If you've been diagnosed with prediabetes, you have plenty of company. Around 98 million Americans are prediabetic, according to statistics from the Centers for Disease Control — and that's reason for concern.

Prediabetes is a condition where blood sugar levels are higher than normal, but not yet high enough to qualify for a type 2 diabetes diagnosis.

To get an understanding on how to prevent levels of type 2 diabetes from increasing, several studies have focused on the role nutrition plays in the development of the disease.

Prediabetes can be reversed. It does not automatically progress to type 2 diabetes.

Among other suggestions, such as eating meals high in plant-based foods and reducing processed and sugar-laden foods, the general wisdom has been to opt for lower-fat dairy products like low or no-fat milk, yogurt and cheese. But a new study published in The American Journal of Clinical Nutrition found that consuming higher fat dairy products may have a more protective effect when it comes to the risk of developing prediabetes.

To come to this conclusion, Isabel Slurink, in the Department of Medical and Clinical Psychology at the Tilburg University School of Social and Behavioral Sciences in the Netherlands, and her research team looked at the relationship between different types of dairy products and prediabetes risk in nearly 75,000 people participating in the Lifelines Study, a longitudinal population-based study.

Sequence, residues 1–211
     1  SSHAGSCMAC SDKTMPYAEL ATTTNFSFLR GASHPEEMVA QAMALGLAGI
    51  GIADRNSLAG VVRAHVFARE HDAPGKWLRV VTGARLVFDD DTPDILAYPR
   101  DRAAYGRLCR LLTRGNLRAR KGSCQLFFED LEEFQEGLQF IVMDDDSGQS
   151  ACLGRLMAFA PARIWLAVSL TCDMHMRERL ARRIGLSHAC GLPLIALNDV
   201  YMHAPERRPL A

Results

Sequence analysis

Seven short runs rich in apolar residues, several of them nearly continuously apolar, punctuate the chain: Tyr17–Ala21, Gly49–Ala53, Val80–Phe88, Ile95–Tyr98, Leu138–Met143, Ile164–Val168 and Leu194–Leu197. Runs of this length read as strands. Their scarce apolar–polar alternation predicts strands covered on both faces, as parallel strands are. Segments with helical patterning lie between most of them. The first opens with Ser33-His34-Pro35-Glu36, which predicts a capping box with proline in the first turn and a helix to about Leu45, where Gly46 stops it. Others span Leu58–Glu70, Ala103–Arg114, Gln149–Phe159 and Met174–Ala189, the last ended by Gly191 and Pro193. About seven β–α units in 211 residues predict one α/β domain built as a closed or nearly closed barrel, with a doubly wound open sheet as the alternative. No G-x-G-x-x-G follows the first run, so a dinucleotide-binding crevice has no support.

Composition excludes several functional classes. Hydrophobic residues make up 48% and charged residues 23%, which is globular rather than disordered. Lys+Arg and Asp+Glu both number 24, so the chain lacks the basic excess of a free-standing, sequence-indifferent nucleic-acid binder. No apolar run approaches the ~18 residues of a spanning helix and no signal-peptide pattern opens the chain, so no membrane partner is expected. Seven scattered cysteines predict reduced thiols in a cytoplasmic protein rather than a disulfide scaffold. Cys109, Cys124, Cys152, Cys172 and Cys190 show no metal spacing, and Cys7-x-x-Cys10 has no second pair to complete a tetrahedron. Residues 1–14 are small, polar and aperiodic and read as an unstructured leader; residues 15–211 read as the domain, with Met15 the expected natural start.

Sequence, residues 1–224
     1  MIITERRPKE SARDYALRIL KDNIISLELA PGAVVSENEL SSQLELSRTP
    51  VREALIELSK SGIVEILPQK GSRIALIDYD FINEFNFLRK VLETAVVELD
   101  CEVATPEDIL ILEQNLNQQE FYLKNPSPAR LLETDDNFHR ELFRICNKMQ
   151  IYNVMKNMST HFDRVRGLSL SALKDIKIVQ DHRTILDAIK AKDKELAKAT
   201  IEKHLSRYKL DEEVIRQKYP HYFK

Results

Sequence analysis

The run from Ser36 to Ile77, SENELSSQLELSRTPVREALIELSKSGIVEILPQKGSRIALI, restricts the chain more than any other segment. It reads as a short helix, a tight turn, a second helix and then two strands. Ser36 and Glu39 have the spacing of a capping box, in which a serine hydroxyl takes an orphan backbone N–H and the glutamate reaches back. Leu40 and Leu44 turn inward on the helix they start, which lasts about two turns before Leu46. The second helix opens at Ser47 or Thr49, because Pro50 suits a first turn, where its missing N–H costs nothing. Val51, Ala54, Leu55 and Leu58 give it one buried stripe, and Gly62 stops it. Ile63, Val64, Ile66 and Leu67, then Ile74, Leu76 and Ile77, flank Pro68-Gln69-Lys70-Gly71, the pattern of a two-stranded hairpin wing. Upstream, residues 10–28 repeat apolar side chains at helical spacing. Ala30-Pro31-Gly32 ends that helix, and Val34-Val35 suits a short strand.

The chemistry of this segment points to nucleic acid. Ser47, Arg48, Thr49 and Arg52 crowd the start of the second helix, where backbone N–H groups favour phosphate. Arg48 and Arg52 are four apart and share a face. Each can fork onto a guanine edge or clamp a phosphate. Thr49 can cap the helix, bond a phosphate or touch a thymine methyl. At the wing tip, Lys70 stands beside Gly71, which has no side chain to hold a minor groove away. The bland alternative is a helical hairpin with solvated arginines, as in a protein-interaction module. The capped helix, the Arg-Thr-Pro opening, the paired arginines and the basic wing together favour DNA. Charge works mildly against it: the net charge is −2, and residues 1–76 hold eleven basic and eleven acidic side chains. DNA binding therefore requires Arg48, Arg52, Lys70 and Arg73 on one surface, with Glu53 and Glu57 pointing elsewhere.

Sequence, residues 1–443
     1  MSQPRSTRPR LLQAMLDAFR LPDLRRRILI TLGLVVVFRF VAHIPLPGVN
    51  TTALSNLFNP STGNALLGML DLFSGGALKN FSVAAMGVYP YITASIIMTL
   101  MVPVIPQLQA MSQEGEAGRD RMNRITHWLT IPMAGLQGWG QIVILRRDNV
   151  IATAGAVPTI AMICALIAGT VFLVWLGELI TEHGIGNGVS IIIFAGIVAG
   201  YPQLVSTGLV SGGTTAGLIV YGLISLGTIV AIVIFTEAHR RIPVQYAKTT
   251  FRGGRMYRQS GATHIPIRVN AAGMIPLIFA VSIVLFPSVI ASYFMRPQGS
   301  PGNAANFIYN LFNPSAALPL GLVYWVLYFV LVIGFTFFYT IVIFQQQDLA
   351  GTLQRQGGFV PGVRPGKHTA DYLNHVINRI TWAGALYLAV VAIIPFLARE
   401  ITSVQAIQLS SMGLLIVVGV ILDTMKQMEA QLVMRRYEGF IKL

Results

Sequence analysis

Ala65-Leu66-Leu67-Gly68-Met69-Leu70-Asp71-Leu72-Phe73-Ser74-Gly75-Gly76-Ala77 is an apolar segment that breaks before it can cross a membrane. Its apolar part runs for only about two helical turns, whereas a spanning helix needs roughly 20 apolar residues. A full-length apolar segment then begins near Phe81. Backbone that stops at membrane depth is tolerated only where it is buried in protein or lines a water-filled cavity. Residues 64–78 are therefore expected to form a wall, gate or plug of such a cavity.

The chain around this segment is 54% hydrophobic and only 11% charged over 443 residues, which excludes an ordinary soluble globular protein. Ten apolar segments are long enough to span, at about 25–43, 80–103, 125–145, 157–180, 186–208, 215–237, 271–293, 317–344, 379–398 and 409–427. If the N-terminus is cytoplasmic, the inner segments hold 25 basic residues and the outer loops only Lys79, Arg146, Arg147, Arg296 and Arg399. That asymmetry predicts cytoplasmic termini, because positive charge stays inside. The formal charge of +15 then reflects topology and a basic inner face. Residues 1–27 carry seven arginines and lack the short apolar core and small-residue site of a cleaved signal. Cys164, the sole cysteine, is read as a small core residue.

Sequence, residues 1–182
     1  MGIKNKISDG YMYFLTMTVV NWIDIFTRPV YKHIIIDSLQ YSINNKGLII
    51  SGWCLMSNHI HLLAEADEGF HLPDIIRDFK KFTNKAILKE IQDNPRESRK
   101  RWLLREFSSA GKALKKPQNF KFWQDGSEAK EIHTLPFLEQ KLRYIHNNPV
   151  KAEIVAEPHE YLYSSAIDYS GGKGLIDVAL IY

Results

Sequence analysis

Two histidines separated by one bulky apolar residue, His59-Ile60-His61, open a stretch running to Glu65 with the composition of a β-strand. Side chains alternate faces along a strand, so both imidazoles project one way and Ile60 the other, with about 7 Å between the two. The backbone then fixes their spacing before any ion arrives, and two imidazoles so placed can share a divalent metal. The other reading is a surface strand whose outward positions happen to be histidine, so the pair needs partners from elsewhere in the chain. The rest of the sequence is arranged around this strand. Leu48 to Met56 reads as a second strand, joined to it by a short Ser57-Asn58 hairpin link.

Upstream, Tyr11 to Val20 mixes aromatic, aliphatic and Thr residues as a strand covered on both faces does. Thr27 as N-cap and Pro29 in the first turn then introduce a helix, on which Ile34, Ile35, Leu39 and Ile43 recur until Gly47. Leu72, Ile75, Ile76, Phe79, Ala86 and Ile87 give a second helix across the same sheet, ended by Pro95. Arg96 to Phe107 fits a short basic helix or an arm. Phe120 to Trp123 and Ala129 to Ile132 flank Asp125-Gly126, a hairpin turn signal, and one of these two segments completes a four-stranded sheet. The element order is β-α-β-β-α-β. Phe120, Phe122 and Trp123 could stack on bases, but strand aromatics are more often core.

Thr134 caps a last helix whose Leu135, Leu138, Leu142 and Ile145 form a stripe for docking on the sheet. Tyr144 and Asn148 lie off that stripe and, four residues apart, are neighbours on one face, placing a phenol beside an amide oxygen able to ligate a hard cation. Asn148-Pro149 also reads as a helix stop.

The average age of participants was 46. Sixty percent were female and 19 percent were smokers. The average dairy consumption was four servings a day, mainly comprising high-fat-type cheese, low-fat types of milk and low-fat yogurt.

To figure out how much dairy each participant ate, the researchers used a food frequency questionnaire at the beginning of the study. After four years, there was a follow-up analysis, and the team found that 3.7 percent of the participants had developed prediabetes.

When the researchers dove deeper into their data, they found that low-fat milk was linked to a higher risk of prediabetes, while high-fat yogurt was connected with a lower risk of prediabetes.

More research is needed to understand the role dietary dairy choice may play in prediabetes risk. The amount and type of dairy that's best may also depend on overall health issues.

Prediabetes can be reversed. It does not automatically progress to type 2 diabetes. Losing just a small amount weight if you're overweight and getting regular physical activity can lower your risk of developing type 2 diabetes. A weight loss of around 5 to 7 percent of your body weight — around 10 to 14 pounds for a 200-pound person — will do it.

Regular physical activity — at least 150 minutes a week of brisk walking or a similar activity can make a big difference in blood sugar levels. That's just 30 minutes a day, five days a week.

Getting enough sleep is another way to reduce the chances your blood sugar levels will progress to full-fledged type 2 diabetes. So are quitting smoking, limiting alcohol consumption and eating meals with plenty of vegetables and whole grains.